Shipping Hazardous Materials by Train: What You Need to Know

Transporting hazardous materials is a complex process that requires special considerations. Selecting the right packaging for hazardous material is a fundamental step in the HMR security system. The packaging must be able to withstand all the conditions normally encountered during transport, such as changes in humidity and pressure, shocks and vibrations. HMR authorizes many types of packaging for hazardous materials, which vary in size, from 1-milliliter glass sample tubes to 30,000 gallon railroad tankers.

Different modes of transport (road, plane, rail and ship) and different volumes of hazardous materials present different challenges and require a variety of packaging designs to take into account the different conditions found in transportation. Tank wagons used for rail transport must be designed to withstand exposure to weather conditions, to the forces and changes of the train, to vibrations, to dynamic forces and to exposure to the load they carry. For hazardous materials to be shipped by air, specific procedures must be followed. First, the shipper must meet their criteria, such as declaring the shipment as dangerous goods, correctly completing the Dangerous Goods Declaration, and properly preparing the shipment for transport.

Then, the burden acceptance procedures are carefully enacted. Using the dangerous goods checklist will ensure that what the shipper has sent complies with dangerous goods regulations. Hazardous materials have been transported in large quantities since the rapid industrialization of the late 19th century. The military had long used ships, barges and railroad cars to transport explosives, armaments and other dangerous cargo.

However, the transportation of hazardous materials for commercial purposes did not grow markedly until after the Civil War. The demand for oil after its discovery in western Pennsylvania in the late 1860s led to an increase in the quantities of crude oil that were transported over long distances, first on horseback and river barges and, soon after, in oil pipelines, tankers and tankers (TRB 1993; Heller 1970; Newton 200). At the start of World War I, significant quantities of hazardous materials were being transported along the country's roads, waterways, and railroads. Tanker trucks carried gasoline and fuel for domestic heating, steel tank wagons were equipped to transport dozens of petroleum products and chemicals, and oil tankers and steam-powered barges carried those loads on inland and coastal waterways.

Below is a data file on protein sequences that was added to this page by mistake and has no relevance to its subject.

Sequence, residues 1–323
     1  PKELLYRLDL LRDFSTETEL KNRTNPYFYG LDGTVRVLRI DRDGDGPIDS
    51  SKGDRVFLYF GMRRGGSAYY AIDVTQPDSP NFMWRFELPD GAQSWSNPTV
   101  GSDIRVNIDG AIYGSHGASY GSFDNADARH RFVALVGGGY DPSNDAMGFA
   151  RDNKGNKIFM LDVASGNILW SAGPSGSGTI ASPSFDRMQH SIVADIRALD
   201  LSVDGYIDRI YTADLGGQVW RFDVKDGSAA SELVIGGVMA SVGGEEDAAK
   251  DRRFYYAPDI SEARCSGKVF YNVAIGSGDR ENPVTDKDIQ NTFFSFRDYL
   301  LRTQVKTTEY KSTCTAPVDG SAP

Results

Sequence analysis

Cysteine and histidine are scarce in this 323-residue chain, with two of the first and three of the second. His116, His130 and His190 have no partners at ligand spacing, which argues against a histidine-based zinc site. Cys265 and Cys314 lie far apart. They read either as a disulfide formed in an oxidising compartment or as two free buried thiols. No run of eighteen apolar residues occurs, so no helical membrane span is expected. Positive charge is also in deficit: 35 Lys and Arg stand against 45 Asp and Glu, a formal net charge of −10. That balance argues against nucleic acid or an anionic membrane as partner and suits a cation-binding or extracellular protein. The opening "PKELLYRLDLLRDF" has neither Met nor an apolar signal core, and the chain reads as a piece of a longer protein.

Trains that consist of wagons that carry hazardous materials and, in some cases, are composed entirely of them, run on the same railway lines as passenger trains throughout the country. NYDOT, NYDEC, NJDEP, and NYDHSES suggested that the PHMSA provide specific training, resources, and support to emergency response personnel, including cooperation with state fire training agencies to ensure that training is consistent, effective and easily available as a requirement in the final rule, similar to the special permit. Most local first responders are trained to recognize banners and take initial protective measures but only a fraction are trained with the highest level of competence to deal with the release of hazardous or threatened materials. For the purposes of hazardous materials regulations, a shipping document is any shipping document whose purpose is to report a hazard and that meets the requirements contained in this subpart.

A number of commentators are concerned that first responders lack the training and experience to respond to an incident involving an LNG tanker car, especially in unit train configurations. As a method to meet these requirements, train crews often carry the DOT Emergency Response Guide (ERG), a joint publication of the PHMSA, Transport Canada, the Mexican Secretariat of Communication and Transportation, and government and industry stakeholders. This guide supplements emergency response information provided by the person sending the hazardous material. The train crew must also carry a document that identifies the position on the train of each car containing hazardous material.

As explained above, trains currently transport cryogenic flammable materials (such as ethylene) in three DOT-113 tank cars on mixed-product freight trains. There is extensive research on the separation distance of hazardous materials from train crews and locomotives as well as other hazardous materials on a train. The training will be in accordance with NFPA-472 which establishes minimum competencies for responding to emergencies involving hazardous materials including known hazards in emergencies related to release of LNG. Safety recommendations refer to risks posed by train crews as well as distance and configuration of hazardous materials wagons locomotives and equipment occupied to ensure protection of train crews both during normal operations and under accident conditions.

Finally document carried by train crew must clearly show emergency response telephone number of each hazardous material transported on train. PHMSA may consider changes separation distance requirements § 174.85 HMR railway cars tank cars signs freight train mixed-product unit train configurations pending outcome study. Evaluate risks posed train crews by hazardous materials transported by rail determine appropriate separation distance between hazardous materials wagons locomotives occupied equipment which ensures protection train crews both during normal operations during accident conditions work Federal Railroad Administration review 49 Code Federal Regulations 174.85 reflect those findings. IATA Lithium Battery Shipping Regulation (LBSR) can better help regulations shipping lithium batteries items containing lithium batteries.

Heidi Longbotham
Heidi Longbotham

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